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Meet two of the women running for the 7th Congressional District seat

Rep. Ed Perlmutter announced Monday he would not seek reelection
sen brittany pettersen
Posted at 11:10 AM, Jan 11, 2022

DENVER – State Sen. Brittany Pettersen, D-Lakewood, will run for the 7th Congressional District seat, she announced Tuesday after incumbent Rep. Ed Perlmutter announced Monday he would not seek reelection.

Pettersen, 40, won her Senate District 22 seat in 2018 by more than 16 percentage points and served in the Colorado House of Representatives from 2013 through 2018 in District 28 before that.

In announcing her candidacy Tuesday, she praised Perlmutter, the eight-term congressman.

“He has been a mentor and friend to countless Coloradans and set an example of a model public servant that is unfortunately far too rare in Washington these days,” Pettersen said. “Colorado is lucky to have benefited from Ed’s heart and dedication for so many years, and I am excited and ready to continue his legacy of fighting for the hardworking people of the new 7th District.”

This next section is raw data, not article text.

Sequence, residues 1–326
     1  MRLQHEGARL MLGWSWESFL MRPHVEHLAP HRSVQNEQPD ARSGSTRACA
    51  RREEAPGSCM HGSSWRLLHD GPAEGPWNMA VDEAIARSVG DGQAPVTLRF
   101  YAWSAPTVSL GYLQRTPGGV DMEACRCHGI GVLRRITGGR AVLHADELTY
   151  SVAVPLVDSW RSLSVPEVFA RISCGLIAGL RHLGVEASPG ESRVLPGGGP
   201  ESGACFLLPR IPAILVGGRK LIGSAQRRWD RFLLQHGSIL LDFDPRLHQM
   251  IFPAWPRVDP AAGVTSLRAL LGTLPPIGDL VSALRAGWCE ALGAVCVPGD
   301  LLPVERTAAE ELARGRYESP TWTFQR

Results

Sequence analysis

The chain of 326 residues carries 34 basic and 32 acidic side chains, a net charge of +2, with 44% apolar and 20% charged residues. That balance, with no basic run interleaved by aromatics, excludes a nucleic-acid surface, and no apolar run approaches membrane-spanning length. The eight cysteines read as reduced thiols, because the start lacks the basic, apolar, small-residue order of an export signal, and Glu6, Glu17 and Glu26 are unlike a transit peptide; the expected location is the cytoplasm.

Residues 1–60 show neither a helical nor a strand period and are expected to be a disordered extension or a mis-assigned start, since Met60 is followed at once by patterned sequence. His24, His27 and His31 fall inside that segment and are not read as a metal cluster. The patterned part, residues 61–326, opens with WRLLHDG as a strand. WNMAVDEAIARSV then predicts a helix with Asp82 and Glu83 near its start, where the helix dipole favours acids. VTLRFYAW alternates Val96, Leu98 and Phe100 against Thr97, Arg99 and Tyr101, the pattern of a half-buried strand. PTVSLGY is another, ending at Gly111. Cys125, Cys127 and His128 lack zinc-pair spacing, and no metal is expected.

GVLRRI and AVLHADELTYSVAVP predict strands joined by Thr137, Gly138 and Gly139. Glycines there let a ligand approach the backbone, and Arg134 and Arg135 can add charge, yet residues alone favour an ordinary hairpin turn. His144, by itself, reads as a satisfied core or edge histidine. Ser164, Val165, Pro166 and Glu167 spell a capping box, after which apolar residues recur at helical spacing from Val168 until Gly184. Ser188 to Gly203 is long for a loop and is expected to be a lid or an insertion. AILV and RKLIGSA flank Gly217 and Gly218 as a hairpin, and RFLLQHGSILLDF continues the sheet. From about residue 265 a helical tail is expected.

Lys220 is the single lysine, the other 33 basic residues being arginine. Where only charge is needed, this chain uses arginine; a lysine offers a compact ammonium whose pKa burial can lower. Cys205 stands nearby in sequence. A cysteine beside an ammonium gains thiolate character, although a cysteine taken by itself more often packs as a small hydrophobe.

Pettersen chairs the Senate Finance Committee and is the vice chair of the Transportation and Energy Committee. She was one of the sponsors of Colorado’s extreme risk protection order bill and has also passed laws surrounding equal pay, the opioid epidemic and mental health.

"It is going to be one of the most competitive races and my entire life I've been preparing for this moment," Pettersen said to Denver7 in an interview.

This will be the second time Pettersen has run for the 7th Congressional District seat. She did in 2017 as well for the 2018 cycle as Perlmutter worked on a bid for the governorship. But when he decided to drop out of that race and run for reelection again, she dropped out.

She raised more than $200,000 during her run and ended 2021 with just under $45,000 in congressional campaign account, according to Federal Election Commission data.